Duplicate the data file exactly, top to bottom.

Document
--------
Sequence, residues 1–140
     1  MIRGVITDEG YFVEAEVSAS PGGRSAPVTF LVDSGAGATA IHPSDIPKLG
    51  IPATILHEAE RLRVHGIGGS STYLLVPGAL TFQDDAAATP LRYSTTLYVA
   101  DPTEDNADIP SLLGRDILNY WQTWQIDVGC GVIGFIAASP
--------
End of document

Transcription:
Sequence, residues 1–140
     1  MIRGVITDEG YFVEAEVSAS PGGRSAPVTF LVDSGAGATA IHPSDIPKLG
    51  IPATILHEAE RLRVHGIGGS STYLLVPGAL TFQDDAAATP LRYSTTLYVA
   101  DPTEDNADIP SLLGRDILNY WQTWQIDVGC GVIGFIAASP